Is there any specimen of contemporary consumer convenience more beautiful than the bagged salad? The shiny plastic clamors for our attention from the supermarket shelves. You want a specific leaf? Bags trumpet the virtues of arugula or iceberg, baby spinach or hearts of romaine. Can't decide? Grab a spring mix or a European mix or a Mediterranean mix. Can't remember whether you have a bottle of dressing at home? The Caesar mix has your back with packets of dressing, cheese and croutons to pair with the greens.
This one has been triple-washed. This one has been quadruple-washed. This one has been washed in the tears of twenty comely virgins.
All beauty is fleeting, however, and in the case of bagged salads you needn't wait decades for its shine to fade. You don't even have to open the bag -- though that will surely do the trick. Simply take the bag from the shelf and examine its contents. Press the greens against the plastic until the bag seems ready to pop.
Does that leaf have a touch of brown around the edges? Do the greens leave a slick of slime on the inside of the plastic?
Are you really that desperate for a dump-and-dress salad?
See Also: - "Excuse Me, Waiter, There's a Mouse in My Salad"
Last week, Clayton-Richmond Heights Patch scooped a disturbing incident from earlier this year: A diner at Katie's Pizzeria Café (6611 Clayton Road, Clayton; 314-727-8585) found a dead mouse in her salad. According to the report from the St. Louis County Department of Health and Human Services, the salad with the mouse came from a bag.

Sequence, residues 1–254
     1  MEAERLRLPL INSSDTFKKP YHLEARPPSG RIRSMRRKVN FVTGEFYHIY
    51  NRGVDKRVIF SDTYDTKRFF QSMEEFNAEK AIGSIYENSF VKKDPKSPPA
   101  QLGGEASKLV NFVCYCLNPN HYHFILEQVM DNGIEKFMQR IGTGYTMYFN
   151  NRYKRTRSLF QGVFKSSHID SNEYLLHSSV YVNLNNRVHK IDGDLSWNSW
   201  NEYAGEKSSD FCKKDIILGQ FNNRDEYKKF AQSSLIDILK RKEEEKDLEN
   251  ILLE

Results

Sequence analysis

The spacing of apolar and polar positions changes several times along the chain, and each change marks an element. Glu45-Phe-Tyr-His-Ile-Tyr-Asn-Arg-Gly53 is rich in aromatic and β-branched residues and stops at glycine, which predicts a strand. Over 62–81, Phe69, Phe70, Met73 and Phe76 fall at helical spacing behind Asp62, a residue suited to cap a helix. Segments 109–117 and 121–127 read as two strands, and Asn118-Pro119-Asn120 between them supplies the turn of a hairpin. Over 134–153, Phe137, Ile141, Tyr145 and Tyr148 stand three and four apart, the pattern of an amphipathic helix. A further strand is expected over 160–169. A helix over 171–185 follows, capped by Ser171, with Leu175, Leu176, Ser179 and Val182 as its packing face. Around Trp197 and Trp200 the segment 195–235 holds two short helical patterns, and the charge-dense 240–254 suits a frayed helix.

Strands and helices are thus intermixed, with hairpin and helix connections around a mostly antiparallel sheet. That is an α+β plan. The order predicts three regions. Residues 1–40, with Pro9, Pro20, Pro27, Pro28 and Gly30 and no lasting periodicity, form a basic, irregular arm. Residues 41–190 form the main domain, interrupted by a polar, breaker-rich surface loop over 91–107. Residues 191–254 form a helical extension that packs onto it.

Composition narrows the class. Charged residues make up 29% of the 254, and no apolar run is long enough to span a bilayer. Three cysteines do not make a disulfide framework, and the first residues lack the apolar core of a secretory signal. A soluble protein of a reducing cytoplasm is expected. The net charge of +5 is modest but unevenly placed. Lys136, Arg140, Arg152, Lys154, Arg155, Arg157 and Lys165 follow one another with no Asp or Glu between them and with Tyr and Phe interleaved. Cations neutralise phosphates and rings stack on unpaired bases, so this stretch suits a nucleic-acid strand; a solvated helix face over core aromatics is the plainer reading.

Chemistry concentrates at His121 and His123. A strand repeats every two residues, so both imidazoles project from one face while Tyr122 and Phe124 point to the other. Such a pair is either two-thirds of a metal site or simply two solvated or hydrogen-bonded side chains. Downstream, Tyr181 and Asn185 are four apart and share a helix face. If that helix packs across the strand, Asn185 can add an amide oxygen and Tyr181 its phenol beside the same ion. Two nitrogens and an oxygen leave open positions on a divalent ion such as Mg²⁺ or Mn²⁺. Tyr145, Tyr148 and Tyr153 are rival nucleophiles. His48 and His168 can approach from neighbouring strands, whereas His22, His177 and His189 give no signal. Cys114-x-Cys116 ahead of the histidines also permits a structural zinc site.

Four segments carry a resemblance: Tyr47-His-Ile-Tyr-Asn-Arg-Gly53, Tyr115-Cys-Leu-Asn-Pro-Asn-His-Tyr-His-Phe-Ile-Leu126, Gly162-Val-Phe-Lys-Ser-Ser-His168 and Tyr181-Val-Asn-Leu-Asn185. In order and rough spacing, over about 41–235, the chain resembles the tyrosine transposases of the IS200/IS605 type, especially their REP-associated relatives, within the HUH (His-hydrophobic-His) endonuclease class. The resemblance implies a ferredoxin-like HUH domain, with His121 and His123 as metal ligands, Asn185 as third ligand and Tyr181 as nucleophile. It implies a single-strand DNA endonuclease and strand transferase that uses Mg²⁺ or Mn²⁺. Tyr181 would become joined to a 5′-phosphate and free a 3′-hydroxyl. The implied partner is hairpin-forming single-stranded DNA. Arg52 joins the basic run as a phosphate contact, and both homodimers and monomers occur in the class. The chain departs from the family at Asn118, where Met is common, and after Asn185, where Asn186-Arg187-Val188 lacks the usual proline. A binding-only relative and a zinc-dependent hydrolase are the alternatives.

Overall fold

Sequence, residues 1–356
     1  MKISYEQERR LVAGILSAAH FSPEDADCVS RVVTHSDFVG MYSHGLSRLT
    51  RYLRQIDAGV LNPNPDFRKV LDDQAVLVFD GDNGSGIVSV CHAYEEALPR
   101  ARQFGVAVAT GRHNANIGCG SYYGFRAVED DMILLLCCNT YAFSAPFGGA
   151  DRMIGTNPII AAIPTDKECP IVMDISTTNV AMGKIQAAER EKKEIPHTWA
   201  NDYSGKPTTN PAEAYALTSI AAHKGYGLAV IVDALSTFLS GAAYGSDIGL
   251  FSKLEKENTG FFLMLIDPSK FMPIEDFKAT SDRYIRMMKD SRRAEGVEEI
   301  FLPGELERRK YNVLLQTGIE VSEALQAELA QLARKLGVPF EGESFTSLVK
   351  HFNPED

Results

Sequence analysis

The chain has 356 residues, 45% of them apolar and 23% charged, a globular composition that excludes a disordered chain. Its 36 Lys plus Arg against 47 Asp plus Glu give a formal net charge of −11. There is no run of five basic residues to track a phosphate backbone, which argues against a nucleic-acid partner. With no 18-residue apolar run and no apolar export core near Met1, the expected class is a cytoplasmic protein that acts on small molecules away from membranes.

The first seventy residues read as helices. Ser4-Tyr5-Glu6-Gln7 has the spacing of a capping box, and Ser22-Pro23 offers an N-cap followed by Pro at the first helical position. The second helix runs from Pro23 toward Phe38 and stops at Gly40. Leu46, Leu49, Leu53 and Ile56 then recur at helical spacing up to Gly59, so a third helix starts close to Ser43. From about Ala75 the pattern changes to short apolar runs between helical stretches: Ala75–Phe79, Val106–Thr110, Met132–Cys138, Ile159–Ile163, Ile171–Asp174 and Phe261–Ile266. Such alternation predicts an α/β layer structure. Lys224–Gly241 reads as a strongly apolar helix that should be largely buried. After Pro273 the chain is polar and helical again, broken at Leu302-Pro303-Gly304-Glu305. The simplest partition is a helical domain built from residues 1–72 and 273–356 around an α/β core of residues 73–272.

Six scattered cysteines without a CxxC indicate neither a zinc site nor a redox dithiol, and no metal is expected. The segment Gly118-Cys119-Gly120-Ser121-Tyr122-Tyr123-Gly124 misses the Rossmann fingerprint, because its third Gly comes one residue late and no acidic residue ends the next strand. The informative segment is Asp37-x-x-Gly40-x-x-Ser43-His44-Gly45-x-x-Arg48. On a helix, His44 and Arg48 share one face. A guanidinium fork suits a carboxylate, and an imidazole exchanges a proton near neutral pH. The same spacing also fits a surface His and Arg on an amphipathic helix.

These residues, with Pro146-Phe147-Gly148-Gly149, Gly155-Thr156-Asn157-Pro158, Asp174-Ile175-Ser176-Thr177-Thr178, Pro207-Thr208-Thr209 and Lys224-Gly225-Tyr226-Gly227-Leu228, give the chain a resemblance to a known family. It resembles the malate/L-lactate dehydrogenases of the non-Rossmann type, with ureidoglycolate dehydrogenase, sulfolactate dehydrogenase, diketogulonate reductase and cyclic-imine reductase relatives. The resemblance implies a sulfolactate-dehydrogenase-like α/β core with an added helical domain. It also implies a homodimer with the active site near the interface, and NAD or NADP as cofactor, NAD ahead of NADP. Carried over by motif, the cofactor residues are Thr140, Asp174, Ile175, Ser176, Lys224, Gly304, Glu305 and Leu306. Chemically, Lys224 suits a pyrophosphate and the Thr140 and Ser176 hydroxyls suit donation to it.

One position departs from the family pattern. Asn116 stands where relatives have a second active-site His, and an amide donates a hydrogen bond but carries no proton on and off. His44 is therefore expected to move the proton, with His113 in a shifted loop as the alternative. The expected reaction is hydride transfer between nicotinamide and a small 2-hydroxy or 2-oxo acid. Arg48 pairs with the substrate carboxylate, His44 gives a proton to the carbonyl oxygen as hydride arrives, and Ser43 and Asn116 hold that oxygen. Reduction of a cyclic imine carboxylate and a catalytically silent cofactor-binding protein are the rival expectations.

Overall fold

The manager on duty at Katie's said they took the bag of lettuce back to Restaurant Depot; the Restaurant Depot owner took fault.
Yes, well, while it was thoughtful of the Restaurant Depot owner to take the fall for the mouse, that certainly doesn't excuse the restaurant staff for not noticing that they were about to serve a customer a salad with a dead mouse in it.
(How does one not notice a dead mouse in a bag of greens? Besides carelessness? A colleague who knows far more about most matters than I do observes that mere hours after a mouse dies, its corpse has shriveled to a point that you could mistake it for a dried fig. I have no empirical evidence that this is true, but I certainly won't be eating dried figs any time soon.)
Really, though, the dead mouse is, if not irrelevant, nothing more than a spectacular (and rare) symptom of a much larger problem at many -- maybe most -- restaurants.
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